Sam35 specifically recognizes β-signal peptides independently of Sam503, but from a structural standpoint it remains unclear how this interaction occurs. Our analysis of the semi-conserved residues on Sam35 identified a groove with increased conservation which could be a potential binding pocket. However, this region is on the cytosolic side of the membrane which poses a topological conundrum, because SAM complex substrates reside in the intermembrane space prior to their folding and insertion into the outer membrane. Additionally, the top of the Sam50 β-barrel is occluded by the cytoplasmic loops of Sam50 and the N-terminus of Sam35, so it is less likely that substrates will pass all the way through the barrel to interact with this semi-conserved groove on Sam35. While the N-terminal residues of Sam35 located across the top of Sam50 are not well conserved, they would be in a closer position to interact with substrate inside the Sam50 β-barrel.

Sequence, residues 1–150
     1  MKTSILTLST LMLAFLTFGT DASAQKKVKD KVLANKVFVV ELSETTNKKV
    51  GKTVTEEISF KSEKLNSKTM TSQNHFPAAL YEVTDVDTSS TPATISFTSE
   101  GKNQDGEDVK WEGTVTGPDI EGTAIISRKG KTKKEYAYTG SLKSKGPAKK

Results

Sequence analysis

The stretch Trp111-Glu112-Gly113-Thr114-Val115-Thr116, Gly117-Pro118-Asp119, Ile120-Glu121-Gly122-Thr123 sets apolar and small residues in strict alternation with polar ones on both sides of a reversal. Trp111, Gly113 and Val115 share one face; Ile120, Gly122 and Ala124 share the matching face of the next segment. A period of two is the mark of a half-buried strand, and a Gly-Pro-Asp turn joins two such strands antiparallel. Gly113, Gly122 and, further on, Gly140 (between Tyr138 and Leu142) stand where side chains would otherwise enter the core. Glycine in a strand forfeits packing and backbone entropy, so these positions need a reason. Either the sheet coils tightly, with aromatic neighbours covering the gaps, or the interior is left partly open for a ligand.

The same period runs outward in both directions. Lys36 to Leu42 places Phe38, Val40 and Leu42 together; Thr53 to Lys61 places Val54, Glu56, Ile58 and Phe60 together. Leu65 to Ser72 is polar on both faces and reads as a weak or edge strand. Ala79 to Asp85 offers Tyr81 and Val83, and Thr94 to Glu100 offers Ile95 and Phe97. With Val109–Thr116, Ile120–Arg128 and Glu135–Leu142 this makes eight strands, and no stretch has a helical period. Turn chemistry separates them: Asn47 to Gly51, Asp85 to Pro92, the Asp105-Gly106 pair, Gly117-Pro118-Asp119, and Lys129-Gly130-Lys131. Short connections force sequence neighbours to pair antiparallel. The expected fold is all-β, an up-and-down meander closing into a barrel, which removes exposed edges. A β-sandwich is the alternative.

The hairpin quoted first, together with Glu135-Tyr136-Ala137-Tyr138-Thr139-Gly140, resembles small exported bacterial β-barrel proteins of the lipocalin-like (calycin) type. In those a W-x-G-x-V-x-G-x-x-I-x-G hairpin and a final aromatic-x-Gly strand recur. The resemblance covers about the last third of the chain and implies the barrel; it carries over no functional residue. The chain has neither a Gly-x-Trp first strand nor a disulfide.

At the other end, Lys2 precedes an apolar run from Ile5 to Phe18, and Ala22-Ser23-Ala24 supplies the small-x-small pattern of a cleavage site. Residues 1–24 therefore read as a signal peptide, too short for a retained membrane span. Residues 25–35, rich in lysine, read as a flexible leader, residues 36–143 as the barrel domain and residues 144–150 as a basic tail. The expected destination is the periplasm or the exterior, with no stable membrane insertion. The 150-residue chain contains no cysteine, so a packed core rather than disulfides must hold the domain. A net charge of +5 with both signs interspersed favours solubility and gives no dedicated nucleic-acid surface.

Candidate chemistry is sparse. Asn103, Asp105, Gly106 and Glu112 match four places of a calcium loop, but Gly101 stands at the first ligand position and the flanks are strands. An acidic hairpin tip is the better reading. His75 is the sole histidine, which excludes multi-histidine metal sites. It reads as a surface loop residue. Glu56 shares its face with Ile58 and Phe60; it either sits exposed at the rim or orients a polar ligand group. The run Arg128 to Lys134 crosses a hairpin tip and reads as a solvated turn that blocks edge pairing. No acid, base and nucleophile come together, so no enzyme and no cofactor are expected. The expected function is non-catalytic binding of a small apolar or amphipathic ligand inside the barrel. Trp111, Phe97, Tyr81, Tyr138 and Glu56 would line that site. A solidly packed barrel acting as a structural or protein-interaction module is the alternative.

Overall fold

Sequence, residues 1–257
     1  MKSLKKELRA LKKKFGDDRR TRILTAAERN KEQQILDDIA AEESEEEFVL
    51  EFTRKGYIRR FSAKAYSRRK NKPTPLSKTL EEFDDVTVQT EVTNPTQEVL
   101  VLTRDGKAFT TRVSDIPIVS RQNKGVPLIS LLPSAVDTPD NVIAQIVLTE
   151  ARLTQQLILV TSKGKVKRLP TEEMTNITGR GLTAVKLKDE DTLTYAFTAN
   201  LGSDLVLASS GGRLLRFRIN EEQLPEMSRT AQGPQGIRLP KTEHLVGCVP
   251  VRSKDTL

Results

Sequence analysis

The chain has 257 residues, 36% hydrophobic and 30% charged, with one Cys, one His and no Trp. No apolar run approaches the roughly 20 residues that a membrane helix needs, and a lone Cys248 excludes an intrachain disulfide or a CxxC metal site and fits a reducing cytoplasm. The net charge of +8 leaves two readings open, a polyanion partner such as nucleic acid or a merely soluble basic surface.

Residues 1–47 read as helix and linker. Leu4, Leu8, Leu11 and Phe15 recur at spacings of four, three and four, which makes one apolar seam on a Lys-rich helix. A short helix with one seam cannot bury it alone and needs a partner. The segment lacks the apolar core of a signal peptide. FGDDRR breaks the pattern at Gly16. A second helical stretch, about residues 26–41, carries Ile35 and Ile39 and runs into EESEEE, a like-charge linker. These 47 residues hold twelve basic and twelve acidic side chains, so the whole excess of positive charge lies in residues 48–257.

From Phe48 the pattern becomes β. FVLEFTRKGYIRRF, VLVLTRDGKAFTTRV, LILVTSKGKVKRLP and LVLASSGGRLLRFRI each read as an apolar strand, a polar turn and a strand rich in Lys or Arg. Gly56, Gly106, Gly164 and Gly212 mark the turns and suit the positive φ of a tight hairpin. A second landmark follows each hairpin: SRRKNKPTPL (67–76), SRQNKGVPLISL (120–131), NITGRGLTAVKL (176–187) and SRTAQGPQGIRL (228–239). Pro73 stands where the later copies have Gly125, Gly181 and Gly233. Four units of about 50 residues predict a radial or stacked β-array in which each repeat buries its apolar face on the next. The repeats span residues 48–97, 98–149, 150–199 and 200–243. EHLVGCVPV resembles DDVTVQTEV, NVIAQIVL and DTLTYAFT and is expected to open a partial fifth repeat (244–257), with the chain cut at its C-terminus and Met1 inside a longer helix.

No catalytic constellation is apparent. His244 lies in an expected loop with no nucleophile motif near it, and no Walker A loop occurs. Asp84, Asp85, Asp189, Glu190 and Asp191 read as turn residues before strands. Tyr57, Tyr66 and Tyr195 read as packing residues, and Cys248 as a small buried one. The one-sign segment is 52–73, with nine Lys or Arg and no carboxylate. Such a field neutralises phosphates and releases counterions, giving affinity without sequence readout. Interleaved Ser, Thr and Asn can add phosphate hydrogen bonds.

Sam50 transiently associates with Mdm10 in the outer mitochondrial membrane to aid in TOM complex biogenesis43. In S. cerevisiae Mdm10, two conserved aromatic residues (Y73 and Y75) are important for association with the SAM complex, and mutation of these residues disrupts the Sam50–Mdm10 interaction as well as Tom40 and Tom22 biogenesis37. Homology models of Mdm10 predict Y73 and Y75 are located on strand β3 within the mitochondrial outer membrane37,44. Analysis of Sam50 sequence conservation mapped to our structure identifies two stretches of highly conserved residues on strands β7–β11, which are opposite of the lateral gate (Supplementary Fig. 12). These highly conserved residues on Sam50, particularly those on β7 and β8 (H236 and H272, respectively), are in a reasonable position to interact with the conserved Mdm10 residues important for Sam50–Mdm10 interaction. Experimental evaluation of the involvement of these highly conserved Sam50 residues in the interaction with Mdm10 will be required. It is not currently understood how the Sam50–Mdm10 interaction contributes to TOM complex biogenesis.